How can remote employees dispel the myth that they're not working as hard as they would if they were in the office? originally appeared on Quora - the place to gain and share knowledge, empowering people to learn from others and better understand the world.

Answer by Jane Chin (???), Working remote since 1999, on Quora:

For some context, I came into a position where the previous person had left after a couple of months on the job. This person had started a business, and the employer suspected there were client "overlaps" such that when the person was meeting the employer's clients, the person was using that opportunity to develop the person's own business instead.

This left the employer with negative feelings around this remote position, as the executives could not constantly verify whether the person had indeed met the clients the person claimed to have met, and by the time the employer had enough information to "check out" the claims, the person had already resigned.

I stepped into a position where there were not only lack of credibility around work being produced, but also complete lack of trust for the role I was performing from other departments that also had remote employees. Here's what I did immediately:

During my first week at corporate headquarters for training, I met with the executive I knew would likely be evaluating my performance. I asked this:

"Let's imagine I have been with the company 60 days, and you came to me and told me 'Jane you are doing a fantastic job!' What have I accomplished in those 60 days for you to say that?"

Note: The reason why I chose 60 days instead of 90 days, which would comprise a business quarter, is because in this specific situation, I started in November and there were only 2 months before year-end. Otherwise I'd use, and recommend 90 days as your benchmark.

The executive gave me a list of items in response to my question. I made those items my "60-day goals." These goals had included interactions with specific internal stakeholders who manage remote teams I would support, as well as goals relating to my specific department. In other words:

First, Identify Specific Outcomes that are Meaningful to the person(s) Evaluating your Performance.

I created tasks and actions required to meet each of those goals, and really front-loaded the visibility of my actions. I immediately made myself known to all members of the other remote teams via introductory teleconferences. I reached out to their managers to understand what support they had needed but were lacking. I listened to their skepticism of my role because they had been burned by the predecessor who had made promises not kept. In other words:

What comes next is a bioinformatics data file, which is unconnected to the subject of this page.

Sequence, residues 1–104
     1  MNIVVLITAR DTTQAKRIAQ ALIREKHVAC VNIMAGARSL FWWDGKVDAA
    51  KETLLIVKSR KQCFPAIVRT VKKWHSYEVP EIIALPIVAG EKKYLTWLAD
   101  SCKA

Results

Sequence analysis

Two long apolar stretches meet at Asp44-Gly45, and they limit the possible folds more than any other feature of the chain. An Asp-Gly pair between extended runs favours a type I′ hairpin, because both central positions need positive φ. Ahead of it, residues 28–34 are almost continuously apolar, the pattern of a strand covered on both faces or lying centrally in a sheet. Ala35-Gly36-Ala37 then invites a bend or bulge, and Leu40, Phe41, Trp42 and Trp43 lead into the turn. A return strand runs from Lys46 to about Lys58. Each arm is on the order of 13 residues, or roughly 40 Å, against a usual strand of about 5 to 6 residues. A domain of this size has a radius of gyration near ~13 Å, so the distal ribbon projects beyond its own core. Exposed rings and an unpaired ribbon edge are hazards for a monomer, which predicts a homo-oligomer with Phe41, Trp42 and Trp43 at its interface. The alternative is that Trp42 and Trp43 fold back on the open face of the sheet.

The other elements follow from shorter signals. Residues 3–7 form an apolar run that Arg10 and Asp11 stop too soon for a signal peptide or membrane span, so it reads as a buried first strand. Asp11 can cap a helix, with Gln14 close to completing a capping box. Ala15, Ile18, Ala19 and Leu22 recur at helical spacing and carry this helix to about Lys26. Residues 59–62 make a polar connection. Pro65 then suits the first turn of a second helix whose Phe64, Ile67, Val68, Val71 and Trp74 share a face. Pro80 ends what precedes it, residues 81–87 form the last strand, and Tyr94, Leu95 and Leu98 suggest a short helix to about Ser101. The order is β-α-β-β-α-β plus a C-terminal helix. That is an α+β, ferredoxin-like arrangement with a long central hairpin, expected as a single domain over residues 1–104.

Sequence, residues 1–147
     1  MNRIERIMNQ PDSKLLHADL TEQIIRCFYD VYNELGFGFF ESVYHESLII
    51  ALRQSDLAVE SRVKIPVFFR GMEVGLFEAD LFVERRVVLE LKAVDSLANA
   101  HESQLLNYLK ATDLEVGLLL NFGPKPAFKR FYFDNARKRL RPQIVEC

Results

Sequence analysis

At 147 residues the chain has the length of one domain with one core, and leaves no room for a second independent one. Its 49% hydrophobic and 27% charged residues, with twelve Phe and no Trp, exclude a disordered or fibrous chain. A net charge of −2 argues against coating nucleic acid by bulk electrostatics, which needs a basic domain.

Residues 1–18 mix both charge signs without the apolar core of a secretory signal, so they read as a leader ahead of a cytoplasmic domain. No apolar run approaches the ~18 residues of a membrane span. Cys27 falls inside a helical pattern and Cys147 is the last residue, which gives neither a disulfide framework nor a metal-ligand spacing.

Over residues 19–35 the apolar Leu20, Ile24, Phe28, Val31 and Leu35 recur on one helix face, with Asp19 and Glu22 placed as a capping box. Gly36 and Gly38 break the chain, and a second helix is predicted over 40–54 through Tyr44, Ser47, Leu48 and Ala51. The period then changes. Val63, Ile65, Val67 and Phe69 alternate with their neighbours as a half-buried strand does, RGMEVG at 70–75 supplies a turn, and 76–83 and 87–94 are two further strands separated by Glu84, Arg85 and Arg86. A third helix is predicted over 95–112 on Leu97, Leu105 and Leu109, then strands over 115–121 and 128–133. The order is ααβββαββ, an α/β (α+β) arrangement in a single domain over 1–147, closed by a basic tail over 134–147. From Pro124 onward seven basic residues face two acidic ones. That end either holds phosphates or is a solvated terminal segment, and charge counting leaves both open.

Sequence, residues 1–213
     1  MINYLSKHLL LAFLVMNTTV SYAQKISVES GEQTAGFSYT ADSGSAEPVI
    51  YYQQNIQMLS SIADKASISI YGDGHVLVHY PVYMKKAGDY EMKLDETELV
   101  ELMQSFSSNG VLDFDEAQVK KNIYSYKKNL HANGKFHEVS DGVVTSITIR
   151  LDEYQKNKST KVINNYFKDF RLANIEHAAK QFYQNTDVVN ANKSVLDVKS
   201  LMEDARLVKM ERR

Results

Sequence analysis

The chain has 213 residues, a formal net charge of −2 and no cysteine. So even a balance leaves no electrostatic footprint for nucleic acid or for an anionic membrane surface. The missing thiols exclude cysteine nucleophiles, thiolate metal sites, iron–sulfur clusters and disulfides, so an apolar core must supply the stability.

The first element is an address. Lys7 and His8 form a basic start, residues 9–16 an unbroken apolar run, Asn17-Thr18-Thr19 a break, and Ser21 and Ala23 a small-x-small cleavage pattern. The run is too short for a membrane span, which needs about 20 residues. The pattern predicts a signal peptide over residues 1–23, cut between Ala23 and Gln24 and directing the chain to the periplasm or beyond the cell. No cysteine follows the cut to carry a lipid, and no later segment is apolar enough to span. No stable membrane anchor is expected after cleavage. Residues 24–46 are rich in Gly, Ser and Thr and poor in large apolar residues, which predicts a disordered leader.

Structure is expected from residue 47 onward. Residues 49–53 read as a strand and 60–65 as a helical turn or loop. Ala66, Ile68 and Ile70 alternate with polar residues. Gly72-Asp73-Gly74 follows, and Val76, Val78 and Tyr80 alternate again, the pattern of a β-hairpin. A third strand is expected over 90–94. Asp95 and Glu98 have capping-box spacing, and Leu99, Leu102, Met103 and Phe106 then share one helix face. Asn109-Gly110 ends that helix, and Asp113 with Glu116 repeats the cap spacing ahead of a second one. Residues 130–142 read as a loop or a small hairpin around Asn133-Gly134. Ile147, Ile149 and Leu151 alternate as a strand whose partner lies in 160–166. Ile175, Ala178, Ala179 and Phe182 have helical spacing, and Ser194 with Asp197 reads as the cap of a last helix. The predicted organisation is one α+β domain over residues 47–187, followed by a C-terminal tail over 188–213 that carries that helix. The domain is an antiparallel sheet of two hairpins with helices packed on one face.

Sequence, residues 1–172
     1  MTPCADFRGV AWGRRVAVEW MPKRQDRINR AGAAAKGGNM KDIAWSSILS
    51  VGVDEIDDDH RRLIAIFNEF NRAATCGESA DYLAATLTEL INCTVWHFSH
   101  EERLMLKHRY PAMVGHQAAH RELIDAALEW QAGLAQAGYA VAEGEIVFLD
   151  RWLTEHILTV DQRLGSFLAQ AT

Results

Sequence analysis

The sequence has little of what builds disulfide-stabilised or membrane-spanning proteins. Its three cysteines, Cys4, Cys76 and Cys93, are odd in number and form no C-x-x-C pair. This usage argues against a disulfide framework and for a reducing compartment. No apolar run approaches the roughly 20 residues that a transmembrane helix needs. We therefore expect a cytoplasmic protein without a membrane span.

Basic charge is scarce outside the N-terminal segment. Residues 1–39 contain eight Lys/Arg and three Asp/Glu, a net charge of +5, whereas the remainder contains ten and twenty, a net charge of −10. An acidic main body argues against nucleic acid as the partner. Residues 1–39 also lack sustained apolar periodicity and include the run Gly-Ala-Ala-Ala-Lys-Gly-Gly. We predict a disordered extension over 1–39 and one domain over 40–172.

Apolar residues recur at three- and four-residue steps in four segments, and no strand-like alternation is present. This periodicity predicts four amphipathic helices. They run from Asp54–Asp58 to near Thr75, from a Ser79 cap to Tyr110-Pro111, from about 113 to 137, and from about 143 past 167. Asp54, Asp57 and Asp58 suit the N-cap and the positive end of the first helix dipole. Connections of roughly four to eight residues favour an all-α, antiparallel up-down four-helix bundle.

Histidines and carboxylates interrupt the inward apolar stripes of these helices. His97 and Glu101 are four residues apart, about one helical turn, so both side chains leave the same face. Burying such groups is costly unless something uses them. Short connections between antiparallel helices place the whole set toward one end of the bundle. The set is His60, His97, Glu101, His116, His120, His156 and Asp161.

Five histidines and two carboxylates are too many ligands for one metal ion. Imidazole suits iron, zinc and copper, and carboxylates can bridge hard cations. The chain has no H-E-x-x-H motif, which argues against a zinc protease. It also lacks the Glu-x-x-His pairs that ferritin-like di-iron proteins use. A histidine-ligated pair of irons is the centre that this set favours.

Look for Lowest Hanging Fruits for Rapport Building from Internal Stakeholders Who Need to Know You are Working and Collaborative.

I made more phone calls during the first weeks to my internal stakeholders than I called external clients. I knew rebuilding trust with internal stakeholders was critical, because they probably had the ears of people who would ultimately judge my productivity and performance. I was proactive. I communicated and over-communicated.

This created a wave of support for my activities by other remote team members who were shocked that their questions were being responded to by someone they could easily reach via phone/email.

But there was something I really disliked doing at this organization: biweekly activity reports. The "standard practice" in my industry is monthly activity reports. Biweekly activity reports were an administrative chore that I found cumbersome, but I understood this was the culture at this organization. What I didn't realize was that I ended up differentiating my efforts with these reports by focusing less on "activities" and more on "insight and impact" of a particular activity. In other words:

Instead of Reporting Busy-Work (tasks), Share Insights and Impact of a Specific Effort -- Especially Involving Other Remote Team Members.

I knew I was on the right track when the executive started reminding us to focus less on lists of activities, and share more insights. Corporate headquarters value specific and actionable "intelligence" more than reading lists. I began to hear people at corporate acting on specific insights I had shared in my activity "reports," and learned that what I had written was being transmitted beyond the U.S. based franchise to the ex-U.S. "parent" company.

Finally, at the end of 60 days I circled back to the executive with the list of goals that had been defined from our original conversation, demonstrated that I had met or exceeded those goals, then added the next quarter's goals for feedback. (I did not receive feedback on those goals, but I knew if my goals were "off" I'd hear about it.)

Since I focused on collaborative effort, this encouraged other remote team members to support my effort helping them, and some have even asked how I was accomplishing so many things so quickly. In other words:

When other team members start wondering if you're working too hard/over time, you are on the right track of accomplishing the real goals that matter to the company, versus "looking busy enough."

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